Topics for the March 19 event will include a presentation by LaJuana Wilcher and Samantha Propp from English Lucas Priest & Owsley examining the complicated history of Clean Water Act jurisdiction, the current state of play, and where things may be headed in the future as EPA pursues a new jurisdictional rule. The second presentation, from Brooks Smith and his colleagues at Troutman Sanders, will examine the power, potential, and occasional perils of water quality trading, including an overview of the latest developments and emerging trends.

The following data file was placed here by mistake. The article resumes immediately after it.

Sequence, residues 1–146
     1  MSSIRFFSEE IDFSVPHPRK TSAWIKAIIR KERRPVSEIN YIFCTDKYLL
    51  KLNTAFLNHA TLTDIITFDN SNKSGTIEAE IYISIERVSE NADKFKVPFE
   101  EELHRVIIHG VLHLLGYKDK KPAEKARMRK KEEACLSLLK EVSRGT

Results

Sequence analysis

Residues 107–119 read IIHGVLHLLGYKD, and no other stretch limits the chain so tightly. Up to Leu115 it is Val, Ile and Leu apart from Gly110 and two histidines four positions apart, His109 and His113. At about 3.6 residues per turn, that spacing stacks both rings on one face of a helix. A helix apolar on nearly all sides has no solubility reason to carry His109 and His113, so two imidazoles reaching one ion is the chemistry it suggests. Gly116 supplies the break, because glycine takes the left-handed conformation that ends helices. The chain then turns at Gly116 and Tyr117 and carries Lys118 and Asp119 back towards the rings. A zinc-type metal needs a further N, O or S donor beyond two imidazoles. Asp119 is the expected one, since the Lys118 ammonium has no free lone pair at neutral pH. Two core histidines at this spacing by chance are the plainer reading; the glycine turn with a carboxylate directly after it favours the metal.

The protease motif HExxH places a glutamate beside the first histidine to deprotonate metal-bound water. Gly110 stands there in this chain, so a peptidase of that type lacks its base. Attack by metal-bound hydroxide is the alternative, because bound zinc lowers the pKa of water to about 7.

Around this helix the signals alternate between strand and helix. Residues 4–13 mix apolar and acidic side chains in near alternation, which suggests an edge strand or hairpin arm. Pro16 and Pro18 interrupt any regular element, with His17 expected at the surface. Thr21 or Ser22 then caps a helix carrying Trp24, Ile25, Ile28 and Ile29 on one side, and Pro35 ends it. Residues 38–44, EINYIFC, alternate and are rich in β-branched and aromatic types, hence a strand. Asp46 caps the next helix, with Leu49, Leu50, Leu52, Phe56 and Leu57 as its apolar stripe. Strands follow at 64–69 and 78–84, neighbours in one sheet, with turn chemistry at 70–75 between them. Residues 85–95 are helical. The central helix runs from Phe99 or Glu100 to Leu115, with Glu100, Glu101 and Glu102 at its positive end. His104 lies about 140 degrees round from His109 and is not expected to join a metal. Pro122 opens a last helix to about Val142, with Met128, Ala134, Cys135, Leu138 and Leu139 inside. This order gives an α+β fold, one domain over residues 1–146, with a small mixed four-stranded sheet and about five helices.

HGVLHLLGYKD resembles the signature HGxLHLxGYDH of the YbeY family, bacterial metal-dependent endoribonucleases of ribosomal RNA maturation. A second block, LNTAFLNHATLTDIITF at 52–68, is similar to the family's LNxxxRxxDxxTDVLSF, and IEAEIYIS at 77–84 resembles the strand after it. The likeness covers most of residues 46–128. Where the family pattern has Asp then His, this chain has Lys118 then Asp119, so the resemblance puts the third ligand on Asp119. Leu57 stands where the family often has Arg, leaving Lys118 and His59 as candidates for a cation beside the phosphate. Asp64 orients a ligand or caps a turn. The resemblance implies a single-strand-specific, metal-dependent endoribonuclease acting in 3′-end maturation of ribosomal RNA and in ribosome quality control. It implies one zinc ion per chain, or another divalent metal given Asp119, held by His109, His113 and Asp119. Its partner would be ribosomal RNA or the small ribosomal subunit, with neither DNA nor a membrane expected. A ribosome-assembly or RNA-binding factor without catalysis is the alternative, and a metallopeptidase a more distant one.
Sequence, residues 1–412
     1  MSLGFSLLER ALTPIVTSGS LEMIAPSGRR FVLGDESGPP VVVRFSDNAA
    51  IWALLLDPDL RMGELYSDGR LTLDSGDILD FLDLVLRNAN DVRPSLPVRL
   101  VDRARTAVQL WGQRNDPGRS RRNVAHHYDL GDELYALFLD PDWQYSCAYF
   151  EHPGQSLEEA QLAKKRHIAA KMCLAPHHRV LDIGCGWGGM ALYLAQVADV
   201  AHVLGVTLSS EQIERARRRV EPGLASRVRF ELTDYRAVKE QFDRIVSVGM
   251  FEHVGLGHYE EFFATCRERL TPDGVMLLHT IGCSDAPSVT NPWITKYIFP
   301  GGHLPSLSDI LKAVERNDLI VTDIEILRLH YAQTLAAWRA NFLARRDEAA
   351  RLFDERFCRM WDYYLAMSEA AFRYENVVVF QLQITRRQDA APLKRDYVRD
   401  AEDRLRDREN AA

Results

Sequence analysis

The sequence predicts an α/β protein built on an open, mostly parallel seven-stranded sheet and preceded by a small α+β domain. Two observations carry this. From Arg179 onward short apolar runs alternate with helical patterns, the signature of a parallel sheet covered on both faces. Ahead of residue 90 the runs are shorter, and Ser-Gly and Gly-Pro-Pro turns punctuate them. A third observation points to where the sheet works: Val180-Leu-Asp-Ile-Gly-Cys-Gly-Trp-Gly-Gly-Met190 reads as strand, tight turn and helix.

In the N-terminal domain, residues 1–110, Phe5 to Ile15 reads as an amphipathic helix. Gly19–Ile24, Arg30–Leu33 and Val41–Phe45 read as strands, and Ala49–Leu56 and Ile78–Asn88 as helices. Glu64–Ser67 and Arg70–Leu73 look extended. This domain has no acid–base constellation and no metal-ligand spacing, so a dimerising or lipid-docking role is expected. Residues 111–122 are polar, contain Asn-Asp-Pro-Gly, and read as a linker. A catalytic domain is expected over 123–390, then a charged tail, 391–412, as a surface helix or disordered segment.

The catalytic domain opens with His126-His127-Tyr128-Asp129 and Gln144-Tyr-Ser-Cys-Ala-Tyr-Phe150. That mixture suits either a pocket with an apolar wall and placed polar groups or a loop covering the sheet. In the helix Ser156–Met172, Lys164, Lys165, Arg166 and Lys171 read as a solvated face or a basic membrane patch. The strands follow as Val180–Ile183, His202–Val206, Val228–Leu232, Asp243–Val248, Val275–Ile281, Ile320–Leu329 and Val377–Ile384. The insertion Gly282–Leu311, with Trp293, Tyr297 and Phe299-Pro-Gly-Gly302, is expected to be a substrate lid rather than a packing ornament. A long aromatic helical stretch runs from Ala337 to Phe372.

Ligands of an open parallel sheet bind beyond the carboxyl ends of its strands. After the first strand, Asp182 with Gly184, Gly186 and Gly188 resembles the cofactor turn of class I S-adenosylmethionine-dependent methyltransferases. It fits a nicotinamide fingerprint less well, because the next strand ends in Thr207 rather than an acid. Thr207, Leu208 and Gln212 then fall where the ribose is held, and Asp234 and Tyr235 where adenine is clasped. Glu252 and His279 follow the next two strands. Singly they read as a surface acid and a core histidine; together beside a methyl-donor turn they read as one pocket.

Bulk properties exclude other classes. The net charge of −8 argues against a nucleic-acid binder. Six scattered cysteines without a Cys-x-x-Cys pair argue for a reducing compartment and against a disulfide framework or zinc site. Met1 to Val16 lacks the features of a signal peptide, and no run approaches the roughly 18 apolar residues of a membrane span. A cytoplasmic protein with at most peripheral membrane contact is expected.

Registration for the web seminar is complimentary for NACWA members, and additional information is available on NACWA’s website. Stay ahead of the curve and reserve your space for you and your clean water colleagues today!
If you have a peak performing facility, then don’t miss out on your chance to be recognized. NACWA continues to accept applications for the 2013 Peak Performance Awards program. All eligible member agencies are encouraged to submit their nomination as soon as possible, as the deadline is quickly approaching. The Peak Performance Awards program acknowledges member agency facilities for excellence in wastewater treatment as measured by their compliance with their National Pollutant Discharge Elimination System (NPDES) permit requirements.
The deadline for submissions to the Peak Performance Awards program is April 4, 2014. Visit NACWA’s website for more information on the Peak Performance Awards program including its standards and how to apply.